To up your knit knowledge here’s a brief history about the world of sewing with knits.
Knitted fabrics haven’t been around that long, especially in outerwear. Gabrielle “Coco” Chanel is usually lauded as the first designer to use knitted fabrics in outerwear in 1916.
Prior to this they had just been used for underwear. Shocking at the time, the use of such a fabric in outerwear played a role in women’s emancipation by allowing them to wear comfortable clothing in which they could move and be active.
Then in the 1930s and 40s Madame Grès sculpted draped and pleated Romanesque jersey dresses directly onto models which clung to the curves of the female body yet allowed free movement.
By the 1970s American designer Roy Halston Frowick (aka Halston) was using jersey to create sexy draped and wrapped dresses that had a pared down style that followed the shape of a woman’s body without being skin tight and restrictive; perfect for the stars filling Studio 54 and dancing all night!
That halter neck slightly cowled neck dress on the right in the first picture is just heavenly.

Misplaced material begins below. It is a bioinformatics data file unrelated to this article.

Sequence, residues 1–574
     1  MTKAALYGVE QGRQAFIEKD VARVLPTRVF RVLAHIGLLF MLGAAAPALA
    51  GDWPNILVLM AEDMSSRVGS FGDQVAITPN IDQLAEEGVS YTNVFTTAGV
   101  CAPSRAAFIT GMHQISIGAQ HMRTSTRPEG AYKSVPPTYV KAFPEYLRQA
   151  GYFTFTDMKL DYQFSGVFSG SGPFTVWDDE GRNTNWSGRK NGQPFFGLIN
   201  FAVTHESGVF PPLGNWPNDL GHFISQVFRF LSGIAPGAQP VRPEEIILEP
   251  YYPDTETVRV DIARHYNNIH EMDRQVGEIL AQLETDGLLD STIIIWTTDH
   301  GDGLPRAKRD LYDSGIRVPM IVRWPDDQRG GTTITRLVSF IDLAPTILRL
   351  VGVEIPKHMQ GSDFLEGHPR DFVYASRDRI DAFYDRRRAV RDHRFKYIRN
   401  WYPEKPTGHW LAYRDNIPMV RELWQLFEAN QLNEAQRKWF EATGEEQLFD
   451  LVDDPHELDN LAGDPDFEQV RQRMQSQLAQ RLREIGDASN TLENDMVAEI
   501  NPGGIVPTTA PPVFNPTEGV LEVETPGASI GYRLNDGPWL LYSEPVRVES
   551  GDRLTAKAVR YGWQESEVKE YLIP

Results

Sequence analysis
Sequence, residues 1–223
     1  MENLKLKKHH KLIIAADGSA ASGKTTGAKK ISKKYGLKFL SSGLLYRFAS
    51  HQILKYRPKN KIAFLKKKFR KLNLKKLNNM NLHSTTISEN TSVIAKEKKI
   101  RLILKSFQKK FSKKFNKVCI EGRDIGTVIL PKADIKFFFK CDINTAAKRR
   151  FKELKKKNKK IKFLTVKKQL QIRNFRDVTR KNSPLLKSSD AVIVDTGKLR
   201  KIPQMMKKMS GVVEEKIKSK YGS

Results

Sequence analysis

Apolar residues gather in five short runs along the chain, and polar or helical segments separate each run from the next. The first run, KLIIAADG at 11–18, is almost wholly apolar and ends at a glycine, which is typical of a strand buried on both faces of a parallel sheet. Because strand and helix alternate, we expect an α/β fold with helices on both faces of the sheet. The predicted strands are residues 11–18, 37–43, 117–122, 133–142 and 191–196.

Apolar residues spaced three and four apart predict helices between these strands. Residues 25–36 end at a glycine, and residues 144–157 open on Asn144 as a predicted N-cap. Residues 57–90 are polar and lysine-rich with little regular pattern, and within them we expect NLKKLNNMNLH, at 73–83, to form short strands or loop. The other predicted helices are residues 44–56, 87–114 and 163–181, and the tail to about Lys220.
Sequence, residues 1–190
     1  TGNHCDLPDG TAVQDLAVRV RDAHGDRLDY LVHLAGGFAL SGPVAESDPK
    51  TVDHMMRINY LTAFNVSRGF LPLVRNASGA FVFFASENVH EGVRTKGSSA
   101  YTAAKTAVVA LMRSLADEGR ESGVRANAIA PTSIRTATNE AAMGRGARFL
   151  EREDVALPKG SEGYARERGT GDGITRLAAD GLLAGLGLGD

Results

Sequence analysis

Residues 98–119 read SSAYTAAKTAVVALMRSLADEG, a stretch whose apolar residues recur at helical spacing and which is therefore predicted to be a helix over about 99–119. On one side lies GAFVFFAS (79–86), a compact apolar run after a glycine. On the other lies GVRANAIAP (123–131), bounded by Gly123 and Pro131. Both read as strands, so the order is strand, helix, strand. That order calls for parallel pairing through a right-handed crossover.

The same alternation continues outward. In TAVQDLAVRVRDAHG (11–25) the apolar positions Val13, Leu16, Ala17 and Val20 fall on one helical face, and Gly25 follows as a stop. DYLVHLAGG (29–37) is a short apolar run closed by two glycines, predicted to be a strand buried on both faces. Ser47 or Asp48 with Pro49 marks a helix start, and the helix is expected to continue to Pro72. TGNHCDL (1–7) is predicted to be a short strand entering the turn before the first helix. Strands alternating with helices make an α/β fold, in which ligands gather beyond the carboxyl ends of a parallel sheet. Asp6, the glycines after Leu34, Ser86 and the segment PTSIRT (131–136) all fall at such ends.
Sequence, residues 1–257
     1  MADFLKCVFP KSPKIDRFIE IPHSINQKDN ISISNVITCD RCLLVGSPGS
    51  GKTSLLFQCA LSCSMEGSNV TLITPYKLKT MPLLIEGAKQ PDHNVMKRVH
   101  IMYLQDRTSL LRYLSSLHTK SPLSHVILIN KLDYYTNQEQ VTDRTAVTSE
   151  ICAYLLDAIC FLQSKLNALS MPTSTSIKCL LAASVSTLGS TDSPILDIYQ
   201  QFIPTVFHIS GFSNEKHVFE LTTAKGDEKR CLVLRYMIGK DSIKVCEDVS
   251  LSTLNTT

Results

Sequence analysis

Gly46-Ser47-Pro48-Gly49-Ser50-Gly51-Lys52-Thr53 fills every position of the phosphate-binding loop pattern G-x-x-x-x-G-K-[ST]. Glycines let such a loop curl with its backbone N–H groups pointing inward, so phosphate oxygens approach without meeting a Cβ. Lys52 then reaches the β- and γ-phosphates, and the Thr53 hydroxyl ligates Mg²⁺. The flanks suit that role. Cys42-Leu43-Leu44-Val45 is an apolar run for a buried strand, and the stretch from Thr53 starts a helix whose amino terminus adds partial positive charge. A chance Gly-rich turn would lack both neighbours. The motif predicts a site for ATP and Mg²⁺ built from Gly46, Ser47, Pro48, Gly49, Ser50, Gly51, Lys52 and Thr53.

Diane Von Furstenberg’s iconic jersey wrap dress also emerged in the 1974; a style which was hugely successful and still popular today, likely thanks to it being such a flattering style which looks great on most shapes and sizes of body and is so easy and comfortable to wear.
In the 1980s Jean Paul Gaultier, Vivienne Westwood and Issey Miyake were incorporating knitted fabrics into their catwalk collections.
L to R: Gaultier, Miyake, Westwood
Today the use of knitted fabrics is almost taken for granted. Who can imagine a world without t-shirts, comfortable sportswear, leggings, vests and sweatshirts?!
If you’re interested in the social importance of the t-shirt there’s a perfectly timed exhibition coming up at the Fashion & Textile Museum exploring the cultural and political impact during the 20th century of one of the most humble yet iconic of garments. T-SHIRT: CULT – CULTURE – SUBVERSION opens on 9th Feb and I’m really looking forward to seeing it.